“We toss a coin.  If it comes down on edge, one team wins, and if it doesn’t come down at all, the other team wins.  Two strikes and three balls only are allowed, and there are only two bases -- first and second.  On holidays, they play a single-header, and the winner for the season is the team which comes in second in the league.”

            “What happens to the team that comes in first in the league standings?”

            “The league starts with second place.”

            “Oh.  There are only seven teams in the league?”

            “No, there are eight teams, but one doesn’t like baseball.  And it’s nip from the word go.”

            “Not nip and tuck.”

            “Just nip.  They start in April, and from then on, it’s lickety all through the season.”

            “No split.”

            “H’m?”

            “I said ‘no split.’”

            “No, they stick together until October.  After that, you can never quite tell what might happen.  Now I must go.  Good!”

            “Good?  What, no ‘by’?”

            “Nope, all girls so far.  But you never can tell.”

[From the Saturday Evening Post, April 3, 1943]

PYRAMID K. PRITTLE

(He piles apples in grocery-store windows)

            “Is it true, Mr. Prittle, that when you were young, your mother called you the crab apple of her eye?”

            “Yes, sir, and I wouldn’t be a bit surprised if that’s how I won the Pile-itzer Award for the neatest triangel of apples in any store window in America.”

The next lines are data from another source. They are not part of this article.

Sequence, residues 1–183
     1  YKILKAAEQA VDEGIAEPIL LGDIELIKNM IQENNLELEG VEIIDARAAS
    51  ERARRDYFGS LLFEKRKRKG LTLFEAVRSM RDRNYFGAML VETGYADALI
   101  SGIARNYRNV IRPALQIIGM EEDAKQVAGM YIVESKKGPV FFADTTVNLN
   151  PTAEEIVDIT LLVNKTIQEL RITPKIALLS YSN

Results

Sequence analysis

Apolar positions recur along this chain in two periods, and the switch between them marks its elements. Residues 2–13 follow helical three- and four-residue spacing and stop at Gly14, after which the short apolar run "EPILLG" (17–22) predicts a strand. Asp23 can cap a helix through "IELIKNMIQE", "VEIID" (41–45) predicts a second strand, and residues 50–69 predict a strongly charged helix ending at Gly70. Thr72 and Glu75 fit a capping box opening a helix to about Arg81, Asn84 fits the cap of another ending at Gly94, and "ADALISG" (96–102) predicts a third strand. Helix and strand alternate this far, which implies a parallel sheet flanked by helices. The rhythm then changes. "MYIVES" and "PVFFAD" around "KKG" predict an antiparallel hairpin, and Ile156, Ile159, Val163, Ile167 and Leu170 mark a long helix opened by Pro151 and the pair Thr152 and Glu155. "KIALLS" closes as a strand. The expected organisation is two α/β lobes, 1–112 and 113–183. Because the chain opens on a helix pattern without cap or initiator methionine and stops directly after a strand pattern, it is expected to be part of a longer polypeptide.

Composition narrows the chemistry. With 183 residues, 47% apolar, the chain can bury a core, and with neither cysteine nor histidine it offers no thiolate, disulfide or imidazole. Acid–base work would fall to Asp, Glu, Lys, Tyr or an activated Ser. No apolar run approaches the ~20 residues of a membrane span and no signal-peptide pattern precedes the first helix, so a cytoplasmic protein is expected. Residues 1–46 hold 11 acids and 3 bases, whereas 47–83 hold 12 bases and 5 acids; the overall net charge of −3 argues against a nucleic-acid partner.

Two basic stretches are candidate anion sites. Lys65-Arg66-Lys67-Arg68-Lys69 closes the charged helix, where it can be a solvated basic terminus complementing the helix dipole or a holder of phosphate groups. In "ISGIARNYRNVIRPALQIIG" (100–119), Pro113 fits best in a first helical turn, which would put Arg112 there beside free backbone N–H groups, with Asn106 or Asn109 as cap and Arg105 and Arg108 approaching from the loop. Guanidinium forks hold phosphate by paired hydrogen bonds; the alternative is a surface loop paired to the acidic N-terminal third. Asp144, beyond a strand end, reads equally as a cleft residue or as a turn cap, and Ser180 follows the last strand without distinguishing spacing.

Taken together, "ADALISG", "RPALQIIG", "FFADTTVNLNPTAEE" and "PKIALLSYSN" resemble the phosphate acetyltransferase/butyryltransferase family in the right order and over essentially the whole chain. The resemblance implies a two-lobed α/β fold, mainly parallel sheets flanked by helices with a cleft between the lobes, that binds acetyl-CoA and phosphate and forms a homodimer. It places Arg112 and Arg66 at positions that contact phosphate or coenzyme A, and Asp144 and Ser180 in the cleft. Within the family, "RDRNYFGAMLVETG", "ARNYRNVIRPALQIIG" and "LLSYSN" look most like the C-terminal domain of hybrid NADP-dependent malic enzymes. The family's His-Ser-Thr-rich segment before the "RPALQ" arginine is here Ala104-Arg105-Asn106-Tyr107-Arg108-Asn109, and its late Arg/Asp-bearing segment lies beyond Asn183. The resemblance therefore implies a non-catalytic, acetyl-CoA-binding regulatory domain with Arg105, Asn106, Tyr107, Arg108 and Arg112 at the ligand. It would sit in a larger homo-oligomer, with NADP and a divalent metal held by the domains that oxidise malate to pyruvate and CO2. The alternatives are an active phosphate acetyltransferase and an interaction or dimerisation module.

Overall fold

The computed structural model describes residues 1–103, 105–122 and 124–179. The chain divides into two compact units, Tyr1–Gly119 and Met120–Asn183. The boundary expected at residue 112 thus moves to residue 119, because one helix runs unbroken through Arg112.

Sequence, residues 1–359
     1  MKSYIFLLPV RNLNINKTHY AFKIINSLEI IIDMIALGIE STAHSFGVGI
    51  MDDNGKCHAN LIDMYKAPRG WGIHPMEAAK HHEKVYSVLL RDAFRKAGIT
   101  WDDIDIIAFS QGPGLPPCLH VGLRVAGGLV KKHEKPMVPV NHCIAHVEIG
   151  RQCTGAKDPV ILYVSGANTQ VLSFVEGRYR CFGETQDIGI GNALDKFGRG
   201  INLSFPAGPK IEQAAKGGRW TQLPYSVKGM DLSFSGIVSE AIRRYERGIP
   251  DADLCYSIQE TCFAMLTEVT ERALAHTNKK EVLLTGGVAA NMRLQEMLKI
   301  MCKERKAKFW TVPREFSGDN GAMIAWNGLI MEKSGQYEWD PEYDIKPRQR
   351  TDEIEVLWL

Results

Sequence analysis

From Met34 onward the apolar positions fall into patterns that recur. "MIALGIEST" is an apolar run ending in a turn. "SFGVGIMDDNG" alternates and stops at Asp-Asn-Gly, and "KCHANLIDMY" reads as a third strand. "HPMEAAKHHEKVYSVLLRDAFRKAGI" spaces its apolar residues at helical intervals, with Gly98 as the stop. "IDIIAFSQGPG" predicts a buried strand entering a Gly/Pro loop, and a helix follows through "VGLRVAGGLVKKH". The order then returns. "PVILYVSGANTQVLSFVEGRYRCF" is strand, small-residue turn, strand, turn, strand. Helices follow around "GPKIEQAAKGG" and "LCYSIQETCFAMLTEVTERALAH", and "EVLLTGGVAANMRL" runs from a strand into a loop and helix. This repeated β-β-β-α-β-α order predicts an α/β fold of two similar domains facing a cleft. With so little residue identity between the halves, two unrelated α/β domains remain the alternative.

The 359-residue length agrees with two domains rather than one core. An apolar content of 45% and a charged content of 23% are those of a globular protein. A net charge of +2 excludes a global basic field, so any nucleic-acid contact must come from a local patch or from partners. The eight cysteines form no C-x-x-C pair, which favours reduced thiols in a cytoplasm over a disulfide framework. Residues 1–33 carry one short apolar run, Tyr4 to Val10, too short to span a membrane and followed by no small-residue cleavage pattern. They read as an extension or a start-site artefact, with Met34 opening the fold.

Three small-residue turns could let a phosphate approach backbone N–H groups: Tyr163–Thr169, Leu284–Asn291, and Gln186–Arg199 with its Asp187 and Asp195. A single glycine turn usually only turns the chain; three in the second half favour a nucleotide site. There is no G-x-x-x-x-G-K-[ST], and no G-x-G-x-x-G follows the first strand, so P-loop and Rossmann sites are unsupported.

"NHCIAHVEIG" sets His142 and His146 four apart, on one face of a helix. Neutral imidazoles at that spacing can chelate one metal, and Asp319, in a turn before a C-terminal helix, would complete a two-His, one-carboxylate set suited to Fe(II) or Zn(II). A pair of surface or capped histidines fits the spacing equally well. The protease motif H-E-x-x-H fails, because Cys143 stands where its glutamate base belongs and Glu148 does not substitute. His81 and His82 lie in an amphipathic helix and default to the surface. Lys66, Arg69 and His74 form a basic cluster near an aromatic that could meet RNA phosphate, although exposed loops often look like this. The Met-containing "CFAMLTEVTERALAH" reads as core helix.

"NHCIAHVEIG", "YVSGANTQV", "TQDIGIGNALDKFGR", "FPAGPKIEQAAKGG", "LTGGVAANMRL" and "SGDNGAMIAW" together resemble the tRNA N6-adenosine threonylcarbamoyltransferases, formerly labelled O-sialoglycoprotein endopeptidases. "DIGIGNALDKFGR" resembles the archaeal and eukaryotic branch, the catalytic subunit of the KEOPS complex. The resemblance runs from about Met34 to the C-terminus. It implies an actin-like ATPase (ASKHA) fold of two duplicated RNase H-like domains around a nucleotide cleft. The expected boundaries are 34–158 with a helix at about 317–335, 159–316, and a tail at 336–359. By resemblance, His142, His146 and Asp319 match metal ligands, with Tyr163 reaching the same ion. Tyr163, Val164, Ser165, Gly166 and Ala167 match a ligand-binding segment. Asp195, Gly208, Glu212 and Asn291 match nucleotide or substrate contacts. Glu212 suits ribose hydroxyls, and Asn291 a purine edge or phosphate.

“Have you been pyramiding apples for a long time?”

            “I started trying to pile fruit at the age of three, with four crab apples which one of our trees kindly yielded.  You try making a pyramid with four pieces of fruit, and see how hard it is.”

            “I bet it’s even harder with just one apple, Mr. Prittle.”

            “I never tried it with just one apple; I always had several.  I eventually got to be very fond of isosceles triangles.  In fact, today there are some historians who aver that the modern method of setting up bowling pins may actually be traced back to Pyramid Prittle’s penchant for pyramiding pomegranates.”

            “Strange, isn’t it, the various claims people have to fame?”

            “It’s really very easy to pile apples properly in grocery-store windows, except that it’s difficult.  One thing you must always remember: the longest row goes on the bottom.  Start with just one apple on the bottom, for example, work up gradually to a row of fifty, and you’ll find that no single apple has stayed in place since the original one you put down.  On the other hand, put the longest row on the bottom, then the second longest, then the third, and so on, until you finally come to a row with only one in it, and you’ve got as neat a triangle of apples as you ever saw, brother.  Unless you started with oranges, in which case you will have as neat a triangle of oranges as you ever saw, brother.”

            “I assume that you believe that the eye appeal of fruits piled in pyramid form is greater than if they were piled in, say, parallelepipedons.”

            “Can a duck swim?  Place fruits in what you said, and the public will ignore them, buying vegetables or dairy products.  Place fruits in pyramid form, though, and the public will buy fruits.”